Sleepy Hollow: Children of the Revolution

Sleepy Hollow: Children of the Revolution

by Keith R. A. DeCandido

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When Ichabod Crane, a soldier from the Colonial Army, is resurrected from his grave more than two centuries after he was killed in battle, he partners with Lieutenant Abbie Mills of the Sleepy Hollow Police Department to fight the evil forces that have taken hold of the town.
On a cold day in January, Ichabod visits Patriots Park for a moment of peace. Instead, he receives a disturbing vision from his wife, Katrina, in which she delivers a cryptic but urgent message: he must retrieve the Congressional Cross that he was awarded by the Second Continental Congress for bravery in action. There’s just one problem: Ichabod was killed before he ever received the medal, and he is unsure where it might be.

Together, Ichabod and Abbie set out to uncover the mystery of the cross—and its connection to George Washington and his secret war against the demon hordes. But they soon learn that a coven of witches is also seeking the cross in order to resurrect their leader, Serilda, who was burned at the stake during the Revolutionary War. Now they must locate the cross before the coven can bring back Serilda to exact her fatal revenge on Sleepy Hollow.

Product Details

ISBN-13: 9780553419009
Publisher: Crown Publishing Group
Publication date: 09/30/2014
Series: Sleepy Hollow Series
Pages: 304
Sales rank: 449,513
Product dimensions: 4.10(w) x 6.80(h) x 0.90(d)

About the Author

KEITH R.A. DECANDIDO is the award-winning, best-selling author of almost 50 novels, among them books in such universes as Star Trek, Supernatural, Doctor Who, World of Warcraft, and many more. He also writes short fiction, nonfiction, and comic books. Visit him at

Read an Excerpt


Sleepy Hollow, New York


January 2014

The great contradiction of Ichabod Crane’s life was that he was constantly surrounded by people, yet had never been more alone.

The number of things to which Crane had been forced to adjust since awakening in the early twenty-first century—subjectively mere moments after his death at the hands of an enemy soldier he’d beheaded in the late eighteenth century—were legion. At times, though, the adjustment that vexed him the most was the sheer number of people around him. In his previous life as a soldier, first for the British Regular Army and then for the Continental Army, he was an aristocrat. Rarely did he find himself surrounded by strangers, and such occasions were fleeting, and often on the battlefield.

Indeed, the number of people he could have been surrounded by was negligible. The entirety of the colonies contained barely more than two thousand souls at the time of his alleged death. As the calendar changed from Anno Domine 2013 to 2014, Sleepy Hollow alone had an order of magnitude more people in it than the colonies had had in toto, and it was one of the smaller of what Lieutenant Mills had once called “bedroom communities” that dotted the Lower Hudson Valley, north of New York City.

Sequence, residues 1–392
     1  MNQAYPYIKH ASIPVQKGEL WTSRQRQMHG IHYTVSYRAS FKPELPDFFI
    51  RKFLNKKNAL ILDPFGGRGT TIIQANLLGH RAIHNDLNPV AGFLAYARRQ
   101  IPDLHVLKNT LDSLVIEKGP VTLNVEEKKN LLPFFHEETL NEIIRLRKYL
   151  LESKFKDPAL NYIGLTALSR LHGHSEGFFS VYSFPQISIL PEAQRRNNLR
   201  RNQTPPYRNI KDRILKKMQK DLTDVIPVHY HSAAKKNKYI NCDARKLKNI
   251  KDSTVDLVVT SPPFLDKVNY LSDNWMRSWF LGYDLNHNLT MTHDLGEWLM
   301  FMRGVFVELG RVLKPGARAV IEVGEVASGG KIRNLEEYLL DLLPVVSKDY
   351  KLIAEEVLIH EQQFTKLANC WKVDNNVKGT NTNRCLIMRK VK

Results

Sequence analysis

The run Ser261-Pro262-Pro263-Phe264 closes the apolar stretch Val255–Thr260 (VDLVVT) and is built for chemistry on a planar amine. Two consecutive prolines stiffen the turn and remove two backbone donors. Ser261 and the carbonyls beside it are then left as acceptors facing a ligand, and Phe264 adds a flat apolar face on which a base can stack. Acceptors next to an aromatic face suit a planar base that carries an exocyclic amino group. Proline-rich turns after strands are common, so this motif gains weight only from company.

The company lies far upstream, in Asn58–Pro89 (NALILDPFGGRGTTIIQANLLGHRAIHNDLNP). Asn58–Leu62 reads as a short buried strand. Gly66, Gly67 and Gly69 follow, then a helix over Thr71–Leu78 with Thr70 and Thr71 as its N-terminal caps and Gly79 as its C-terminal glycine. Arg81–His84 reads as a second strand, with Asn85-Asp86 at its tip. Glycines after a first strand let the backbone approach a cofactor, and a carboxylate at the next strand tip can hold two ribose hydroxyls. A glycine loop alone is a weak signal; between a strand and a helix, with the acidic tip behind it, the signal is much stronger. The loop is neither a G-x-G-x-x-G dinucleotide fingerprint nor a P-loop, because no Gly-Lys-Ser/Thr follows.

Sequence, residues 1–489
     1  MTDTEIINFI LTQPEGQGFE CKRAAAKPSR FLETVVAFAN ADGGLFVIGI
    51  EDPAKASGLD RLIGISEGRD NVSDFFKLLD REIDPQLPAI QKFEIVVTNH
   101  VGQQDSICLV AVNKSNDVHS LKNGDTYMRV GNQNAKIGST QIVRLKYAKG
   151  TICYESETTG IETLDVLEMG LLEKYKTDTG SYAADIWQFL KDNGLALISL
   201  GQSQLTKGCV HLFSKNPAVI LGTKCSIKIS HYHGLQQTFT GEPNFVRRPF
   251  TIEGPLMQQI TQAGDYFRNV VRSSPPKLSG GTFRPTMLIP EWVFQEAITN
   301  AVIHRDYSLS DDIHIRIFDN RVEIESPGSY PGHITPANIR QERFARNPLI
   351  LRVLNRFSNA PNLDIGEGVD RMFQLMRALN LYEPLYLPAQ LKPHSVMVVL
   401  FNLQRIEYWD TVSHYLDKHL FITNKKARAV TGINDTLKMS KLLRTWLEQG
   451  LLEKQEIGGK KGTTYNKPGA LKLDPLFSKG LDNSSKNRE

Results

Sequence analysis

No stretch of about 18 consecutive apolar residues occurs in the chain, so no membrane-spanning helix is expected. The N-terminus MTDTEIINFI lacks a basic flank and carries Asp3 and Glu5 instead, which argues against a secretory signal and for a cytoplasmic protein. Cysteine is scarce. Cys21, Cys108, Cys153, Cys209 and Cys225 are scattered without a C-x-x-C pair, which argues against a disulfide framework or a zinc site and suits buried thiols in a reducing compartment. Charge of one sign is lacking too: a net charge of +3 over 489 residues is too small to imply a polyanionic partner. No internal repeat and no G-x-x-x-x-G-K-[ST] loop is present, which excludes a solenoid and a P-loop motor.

Once he could go a full half year without encountering a single person with whom he was not at least acquainted enough to shake hands and exchange pleasantries. Now every day he was awash in strangers, wearing absurd clothing, occupied with pursuits Crane found impossible to fathom.

He took only small solace from the fact that those same folk would find his own pursuits even more baffling.

On this cold winter day he found himself drawn, as he often was, to Patriots Park, which lay on the border between Sleepy Hollow and the adjoining village to the south, Tarrytown. The park had been constructed around a monument to John Paulding, one of three Continental Army soldiers who captured a spy named John André. Crane recalled the incident, though he’d been elsewhere at the time. He was fairly certain that the actual capture of André, a confederate of Benedict Arnold, was in truth a quarter of a mile from this spot. His months in the twenty-first century, however, had taught him that history only remembered his time dimly when anyone bothered to remember it at all.

The park was quiet on this winter afternoon, for which Crane was grateful. Snow covered much of the grass, though the smoothly paved oval-shaped passageways were cleared. He heard the sound of children across the thoroughfare known as the Broad Way (an odd appellation, as it was not significantly wider than any of the other nearby boulevards). The Paulding School was just letting out, having apparently concluded the day’s lessons.